Archive for April, 2009

American Jesus — Book One: Chosen

April 27, 2009 | Trades

American Jesus — Book One: Chosen Mark Millar, Peter Gross Image Comics $9.99 US (Paperback) **** (out of five) It’s a bigger comeback than John Travolta, Ozzy Osbourne and the 1999 Tennessee Titans combined. Jodie Christianson is an average 12-year-old boy, living in Peoria, Ill., when he begins to discover he has some rather immense, even biblical, powers. After surviving a car accident that should have been horrific (and very fatal), Jodie quickly begins to buy into his divine providence and promptly gives sight to the blind and turns water into wine. But not everyone is ready to believe the young boy is the Second Coming, including the faith-shaken local priest and Jodie’s divinity is put to the ultimate test. Writer Mark Millar and artist Peter Gross take the story of Christ’s return from the Book of Revelations and twists it into a brilliant slice of Americana with an ending that will leave you reeling.

Miss Don’t Touch Me

April 27, 2009 | Graphic novels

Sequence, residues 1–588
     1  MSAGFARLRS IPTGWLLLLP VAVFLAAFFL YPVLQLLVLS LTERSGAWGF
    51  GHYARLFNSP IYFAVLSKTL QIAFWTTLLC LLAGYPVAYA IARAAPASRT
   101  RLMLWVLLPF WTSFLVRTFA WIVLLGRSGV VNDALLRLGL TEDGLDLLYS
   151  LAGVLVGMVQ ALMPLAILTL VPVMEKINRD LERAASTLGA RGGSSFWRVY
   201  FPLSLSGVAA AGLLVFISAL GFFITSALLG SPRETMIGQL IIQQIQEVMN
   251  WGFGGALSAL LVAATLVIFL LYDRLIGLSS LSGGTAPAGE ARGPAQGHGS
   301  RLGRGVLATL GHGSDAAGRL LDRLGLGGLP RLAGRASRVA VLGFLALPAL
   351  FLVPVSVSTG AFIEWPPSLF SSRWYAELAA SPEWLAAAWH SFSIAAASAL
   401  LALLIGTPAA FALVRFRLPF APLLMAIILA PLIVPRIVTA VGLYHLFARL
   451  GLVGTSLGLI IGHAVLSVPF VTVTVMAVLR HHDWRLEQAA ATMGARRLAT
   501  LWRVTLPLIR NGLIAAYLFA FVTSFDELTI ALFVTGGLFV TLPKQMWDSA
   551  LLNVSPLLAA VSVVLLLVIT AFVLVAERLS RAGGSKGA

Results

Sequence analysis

Miss Don’t Touch Me Hubert & Kersacoet NBM ComicsLit $14.95 96-page paperback *** ½ (out of five) There’s a killer on the loose in 1930s Paris and the only person who can solve the crimes is a sleuthing virgin with a grudge who works in a bordello. When Blanche accidentally sees what could be the infamous “Butcher of the Dances” — so named because his victims are nabbed on the way home from suburban socials and left in pieces — and an accomplice through a crack in the wall of the home she works and lives in as a housekeeper, it’s her sister, Agatha, who pays the ultimate price. And worse, Agatha’s death is made to look like a suicide so the police won’t investigate. Pursuing the only lead on the killer she has, Blanche sneaks into a high-class Paris bordello called the Pompadour, and lands herself a unique job that lets her keep her purity intact; as the in-house dominatrix: Miss Don’t Touch Me. The French husband-and-wife creative team of Hubert and Kerascoet craft a sexy and suspenseful tale in this newly translated book, with enough twists and turns to keep even ardent mystery fans engaged.